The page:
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In this movie, we are going to apply what we just learned in the last movie about how to refer to commits, and we are going to use it to be able to look at the tree listings. Remember that I told you that a tree is a lot like a directory on your file system. If I am in Unix, and I want to get a list of the current files that are in the directory I am in right now, I use the ls command for list, ls -la is a set of options that formats it so that it runs in a nice vertical list with all of the file names, including file names that start with a dot over on the right side.
Now in Windows, you can do something similar with the dir command, but I want to stick with the ls of Unix for a second, because in Git, it's something very similar. To list out a tree, we use git ls-tree, listing the tree, and then what we pass in after that is a tree-ish. In fact, before we do it, let's take a look at the Help documentation, and notice right where it talks about how to use it, it says, get ls-tree, there is a whole bunch of options we can pass in and then after that it won't say tree-ish. So there it is. I am not making it up. That's the word for it, and it's a reference to the tree.
So let's try that, git ls-tree, and now we need a tree-ish. Well, one of the one is we can refer to the tree, is to use the HEAD that will point to the tip of the currently checked out branch, and it will return the list of files at that point. That's what's in the HEAD. Those are the files that are in the repository at that point, so that's what the repository thinks is the current set of files. If I were to check this out, brand new, from the repository, these are the files it would give me. Now those don't exactly match what I had in working directory because my working directory has some files that I have used gitignore on.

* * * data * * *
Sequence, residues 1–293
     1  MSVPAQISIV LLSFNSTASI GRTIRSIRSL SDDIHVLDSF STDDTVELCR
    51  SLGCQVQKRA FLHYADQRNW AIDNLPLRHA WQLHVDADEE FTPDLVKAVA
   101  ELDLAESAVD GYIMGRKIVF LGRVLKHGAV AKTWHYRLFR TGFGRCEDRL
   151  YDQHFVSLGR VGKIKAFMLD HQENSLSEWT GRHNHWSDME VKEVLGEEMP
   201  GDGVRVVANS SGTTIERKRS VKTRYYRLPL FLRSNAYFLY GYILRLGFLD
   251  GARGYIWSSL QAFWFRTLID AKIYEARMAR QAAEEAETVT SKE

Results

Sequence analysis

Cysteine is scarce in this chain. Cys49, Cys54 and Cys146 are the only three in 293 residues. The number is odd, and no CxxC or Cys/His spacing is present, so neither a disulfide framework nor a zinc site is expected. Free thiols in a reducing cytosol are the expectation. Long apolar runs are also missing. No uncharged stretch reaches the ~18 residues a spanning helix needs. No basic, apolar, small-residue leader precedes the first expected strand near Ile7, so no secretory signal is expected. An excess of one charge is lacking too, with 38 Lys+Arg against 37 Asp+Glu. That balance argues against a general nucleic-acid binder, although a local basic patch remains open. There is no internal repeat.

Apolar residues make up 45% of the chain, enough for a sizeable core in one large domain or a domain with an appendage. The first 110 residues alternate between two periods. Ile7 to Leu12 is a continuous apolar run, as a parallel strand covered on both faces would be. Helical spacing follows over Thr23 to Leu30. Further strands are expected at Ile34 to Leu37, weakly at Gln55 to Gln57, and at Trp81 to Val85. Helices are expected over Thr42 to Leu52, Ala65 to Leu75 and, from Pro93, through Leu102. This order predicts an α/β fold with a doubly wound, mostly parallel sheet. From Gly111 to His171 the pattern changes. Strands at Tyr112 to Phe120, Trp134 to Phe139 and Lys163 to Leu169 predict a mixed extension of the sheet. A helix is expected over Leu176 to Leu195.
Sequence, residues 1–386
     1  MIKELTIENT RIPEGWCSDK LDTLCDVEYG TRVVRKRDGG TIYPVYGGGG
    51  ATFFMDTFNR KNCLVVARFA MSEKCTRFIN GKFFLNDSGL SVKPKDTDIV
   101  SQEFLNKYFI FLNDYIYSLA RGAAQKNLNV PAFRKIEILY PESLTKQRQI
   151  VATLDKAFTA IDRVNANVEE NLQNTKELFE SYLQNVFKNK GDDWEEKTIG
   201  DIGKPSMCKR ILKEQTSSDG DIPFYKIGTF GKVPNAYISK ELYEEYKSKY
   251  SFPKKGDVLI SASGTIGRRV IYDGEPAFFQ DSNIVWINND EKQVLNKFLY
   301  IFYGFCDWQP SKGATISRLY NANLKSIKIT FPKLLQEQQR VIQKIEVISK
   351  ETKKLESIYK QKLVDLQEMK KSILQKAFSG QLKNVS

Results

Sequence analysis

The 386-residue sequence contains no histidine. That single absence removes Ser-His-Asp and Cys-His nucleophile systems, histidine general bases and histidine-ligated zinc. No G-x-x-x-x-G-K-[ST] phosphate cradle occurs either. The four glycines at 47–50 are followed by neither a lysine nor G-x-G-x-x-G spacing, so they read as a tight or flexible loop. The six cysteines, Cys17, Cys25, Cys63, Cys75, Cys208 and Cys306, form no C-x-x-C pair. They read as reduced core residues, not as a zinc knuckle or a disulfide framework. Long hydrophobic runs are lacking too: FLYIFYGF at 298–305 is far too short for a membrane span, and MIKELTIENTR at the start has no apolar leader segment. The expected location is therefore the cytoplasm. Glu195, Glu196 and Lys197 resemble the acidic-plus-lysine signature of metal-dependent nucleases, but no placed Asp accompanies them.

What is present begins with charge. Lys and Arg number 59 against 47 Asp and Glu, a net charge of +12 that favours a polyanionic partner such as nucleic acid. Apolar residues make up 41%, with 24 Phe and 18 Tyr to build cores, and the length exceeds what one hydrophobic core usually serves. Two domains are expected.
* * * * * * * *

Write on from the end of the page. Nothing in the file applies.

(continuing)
So you can play around and try out some different tree-ishes, so let's do git ls-tree master. That points to the exact same thing because we have the master branch checked out right now, so HEAD points to the tip of that, we are getting the exact same results. Let's take a look inside a directory there, we can pass in a file path after that, so git ls-tree master, and let's ask it for assets with the slash after it. So the contents of the assets directory, and it comes up and tells us the files that are inside that directory.
Now let's try going back one commit. I don't know if you remember, but one commit back is when we actually created this pdfs folder, that's when we added it. So unless you made other commits, in which case you may need to go back further, but one commit back will now show us that directory in its previous state. So in the commit before that, there was no pdfs folder, in the commit after it, now there is a pdfs folder. One more thing I want to show you, notice that each of these entries over here on the left, it tells you that everything is either a tree or a blob. A blob is a file. It can be any kind of file that's stored there.
It can be text file, an image, anything, they are all stored as a blob. If it's not a blob, then it's a tree and guess what a tree is? A tree is a directory. So we are inside a tree because we had a tree- ish that pointed us to a tree and then inside that tree are other trees. Well, that three has an object number, it goes with it. So we can grab the first part of that, copy it, and then we can say, well git ls-tree and pass in that SHA, that's a tree-ish that points to it and look what it gives us.
It gives us back the exact same thing that we had here, the only difference is that it doesn't prefix it with the assets directory because we have already told it it's the tree. This was telling us we were starting with master and then looking inside assets, so it listed assets for us. Here were starting at assets so it doesn't give us the prefix there. So try it out, play around little bit and get comfortable with it and make sure that you understand the things that we learned in the last movie about the different tree-ishes and the way that we can reference different trees this way.
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